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Inside The Exclusion Zone

Everyday Peru


Traces Of War


Protests / Rallies

The Ark Manchester

Bring the noise London

Fracking Protest Preston

WNBR Manchester

Growing up as a teenager in the 1990’s in an English northern mill town was not the best place to be ‘different’ when I found myself drawn into alternative avenues and became part of grunge scene.  There was a lot of discrimination towards alternative sub cultures like metal heads and grunge kids. The odd looks of disgust being called a Goth or a Mosher amongst the more severe name calling. I found it hard enough fitting in as it was, let alone wearing over-sized military jackets, ripped jeans, pillar box red hair and facial piercings. The verbal abuse didn’t stop me though, because I was proud of the way I looked and my individuality. I loved rebelling against conformity; I didn’t want to fit into the working class 9 to 5 world.


Today, fifteen or so years on I am still the same; I still have piercings and a slowly growing number of tattoos. Fashion still has no interest to me. I wear what I want and what I feel comfortable in. By the end of the 20th century, piercing had become more popular with younger people; undertaking nose, tongue, eyebrow and other parts of the body which became social symbols (much like they are used in tribal communities) for western subcultures. I have witnessed that as western society has moved into the 21st century, more extreme forms of body modifications have become more popular and members of sub cultures wish to become more experimental with their appearance.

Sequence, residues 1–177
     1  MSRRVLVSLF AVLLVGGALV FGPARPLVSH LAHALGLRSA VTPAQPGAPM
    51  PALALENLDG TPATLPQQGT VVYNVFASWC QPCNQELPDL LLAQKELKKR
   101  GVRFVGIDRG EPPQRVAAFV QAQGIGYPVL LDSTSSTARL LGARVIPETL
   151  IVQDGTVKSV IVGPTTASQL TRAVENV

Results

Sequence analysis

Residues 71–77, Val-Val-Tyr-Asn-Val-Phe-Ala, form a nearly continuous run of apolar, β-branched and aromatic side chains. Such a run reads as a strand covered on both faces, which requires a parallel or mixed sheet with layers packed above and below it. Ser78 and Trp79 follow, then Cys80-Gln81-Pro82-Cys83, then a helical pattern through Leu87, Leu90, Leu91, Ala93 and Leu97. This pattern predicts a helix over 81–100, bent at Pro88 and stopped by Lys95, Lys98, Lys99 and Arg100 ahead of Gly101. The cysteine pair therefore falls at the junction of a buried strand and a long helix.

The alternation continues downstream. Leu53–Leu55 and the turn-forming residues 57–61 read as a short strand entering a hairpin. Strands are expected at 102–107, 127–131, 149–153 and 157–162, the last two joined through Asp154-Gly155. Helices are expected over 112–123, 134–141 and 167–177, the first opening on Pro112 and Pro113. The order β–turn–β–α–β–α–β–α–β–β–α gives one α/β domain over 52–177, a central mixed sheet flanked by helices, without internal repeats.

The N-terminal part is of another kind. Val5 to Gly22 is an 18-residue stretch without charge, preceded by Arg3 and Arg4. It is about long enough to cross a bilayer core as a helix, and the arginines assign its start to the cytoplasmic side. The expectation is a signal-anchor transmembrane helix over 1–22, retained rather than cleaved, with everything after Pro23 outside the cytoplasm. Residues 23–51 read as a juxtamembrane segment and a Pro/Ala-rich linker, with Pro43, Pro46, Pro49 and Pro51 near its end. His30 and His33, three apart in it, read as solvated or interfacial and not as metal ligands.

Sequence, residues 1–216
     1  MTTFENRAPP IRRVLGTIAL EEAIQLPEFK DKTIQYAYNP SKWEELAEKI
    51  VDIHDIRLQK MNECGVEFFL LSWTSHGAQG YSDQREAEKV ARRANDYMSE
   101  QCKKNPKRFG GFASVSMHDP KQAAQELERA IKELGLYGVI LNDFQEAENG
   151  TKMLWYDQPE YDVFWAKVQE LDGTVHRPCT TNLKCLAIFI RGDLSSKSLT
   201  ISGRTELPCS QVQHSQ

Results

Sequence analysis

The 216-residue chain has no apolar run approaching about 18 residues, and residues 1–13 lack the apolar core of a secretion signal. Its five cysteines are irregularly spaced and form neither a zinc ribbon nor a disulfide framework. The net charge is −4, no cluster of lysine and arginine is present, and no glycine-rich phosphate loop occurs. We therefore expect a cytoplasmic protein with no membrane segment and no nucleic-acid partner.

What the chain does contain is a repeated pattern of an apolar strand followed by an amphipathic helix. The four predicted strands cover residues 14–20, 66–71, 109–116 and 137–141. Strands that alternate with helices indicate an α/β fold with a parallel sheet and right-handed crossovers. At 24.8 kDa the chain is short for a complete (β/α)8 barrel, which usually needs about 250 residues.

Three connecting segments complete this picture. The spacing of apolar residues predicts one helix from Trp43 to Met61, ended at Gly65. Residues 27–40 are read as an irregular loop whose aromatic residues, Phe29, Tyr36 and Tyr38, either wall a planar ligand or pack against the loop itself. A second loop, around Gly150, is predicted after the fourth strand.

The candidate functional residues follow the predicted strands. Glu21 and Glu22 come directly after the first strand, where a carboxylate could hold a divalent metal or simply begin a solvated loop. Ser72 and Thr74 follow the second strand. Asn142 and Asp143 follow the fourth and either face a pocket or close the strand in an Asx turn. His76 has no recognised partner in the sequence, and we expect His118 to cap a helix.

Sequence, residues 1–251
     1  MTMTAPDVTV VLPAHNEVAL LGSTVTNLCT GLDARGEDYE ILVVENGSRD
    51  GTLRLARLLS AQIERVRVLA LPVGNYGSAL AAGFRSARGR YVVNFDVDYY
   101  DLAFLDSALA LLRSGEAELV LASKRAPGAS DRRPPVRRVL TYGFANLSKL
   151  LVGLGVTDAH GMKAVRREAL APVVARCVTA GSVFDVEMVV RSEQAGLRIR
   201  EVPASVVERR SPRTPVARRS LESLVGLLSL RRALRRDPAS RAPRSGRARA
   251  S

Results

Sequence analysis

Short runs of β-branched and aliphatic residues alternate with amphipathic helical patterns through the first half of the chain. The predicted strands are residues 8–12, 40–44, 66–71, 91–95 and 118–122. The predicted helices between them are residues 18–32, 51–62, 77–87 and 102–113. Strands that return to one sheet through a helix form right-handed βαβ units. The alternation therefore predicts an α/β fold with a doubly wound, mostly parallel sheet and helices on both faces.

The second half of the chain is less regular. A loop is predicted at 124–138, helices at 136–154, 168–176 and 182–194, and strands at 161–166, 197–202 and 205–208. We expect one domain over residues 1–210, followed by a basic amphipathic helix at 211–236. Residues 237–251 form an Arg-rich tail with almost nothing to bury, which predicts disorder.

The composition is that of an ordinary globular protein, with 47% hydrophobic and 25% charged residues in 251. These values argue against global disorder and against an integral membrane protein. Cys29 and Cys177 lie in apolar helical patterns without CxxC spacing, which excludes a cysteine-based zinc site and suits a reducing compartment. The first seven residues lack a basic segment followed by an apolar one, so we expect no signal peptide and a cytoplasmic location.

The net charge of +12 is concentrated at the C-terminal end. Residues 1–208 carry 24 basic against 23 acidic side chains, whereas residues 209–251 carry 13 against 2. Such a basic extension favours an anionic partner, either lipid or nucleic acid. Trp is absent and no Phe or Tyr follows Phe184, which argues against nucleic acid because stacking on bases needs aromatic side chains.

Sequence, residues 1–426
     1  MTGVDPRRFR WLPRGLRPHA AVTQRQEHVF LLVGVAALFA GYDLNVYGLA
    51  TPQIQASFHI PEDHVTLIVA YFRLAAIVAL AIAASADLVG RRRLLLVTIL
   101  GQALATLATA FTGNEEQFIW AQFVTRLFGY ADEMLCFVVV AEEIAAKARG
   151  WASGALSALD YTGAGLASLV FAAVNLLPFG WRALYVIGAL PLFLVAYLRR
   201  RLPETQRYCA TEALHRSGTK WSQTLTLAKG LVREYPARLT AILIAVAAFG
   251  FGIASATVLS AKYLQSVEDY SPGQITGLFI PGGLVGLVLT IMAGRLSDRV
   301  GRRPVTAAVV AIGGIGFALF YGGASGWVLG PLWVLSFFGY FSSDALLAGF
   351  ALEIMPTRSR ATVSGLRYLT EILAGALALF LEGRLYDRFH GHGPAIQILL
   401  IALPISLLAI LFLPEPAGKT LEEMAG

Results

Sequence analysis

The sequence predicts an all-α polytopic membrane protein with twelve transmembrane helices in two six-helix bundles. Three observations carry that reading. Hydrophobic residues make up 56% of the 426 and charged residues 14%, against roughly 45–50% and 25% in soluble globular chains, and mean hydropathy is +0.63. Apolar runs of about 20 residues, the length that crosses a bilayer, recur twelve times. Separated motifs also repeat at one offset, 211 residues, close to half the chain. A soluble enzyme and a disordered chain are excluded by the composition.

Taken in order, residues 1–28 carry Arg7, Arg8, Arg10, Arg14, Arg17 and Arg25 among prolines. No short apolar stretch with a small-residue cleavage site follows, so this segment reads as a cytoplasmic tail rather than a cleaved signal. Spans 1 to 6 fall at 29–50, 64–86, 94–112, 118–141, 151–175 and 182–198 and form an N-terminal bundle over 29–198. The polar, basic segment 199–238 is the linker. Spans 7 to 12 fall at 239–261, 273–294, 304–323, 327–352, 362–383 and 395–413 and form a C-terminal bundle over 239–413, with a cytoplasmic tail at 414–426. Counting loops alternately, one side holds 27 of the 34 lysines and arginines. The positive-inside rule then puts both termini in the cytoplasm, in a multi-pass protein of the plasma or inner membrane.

Some of these images may make people a little uneasy but they are intended to show the diversity of individuality of our modern cultures and subcultures and to document how western society is evolving ancient cultural practices to express who they are and how they wish to look.

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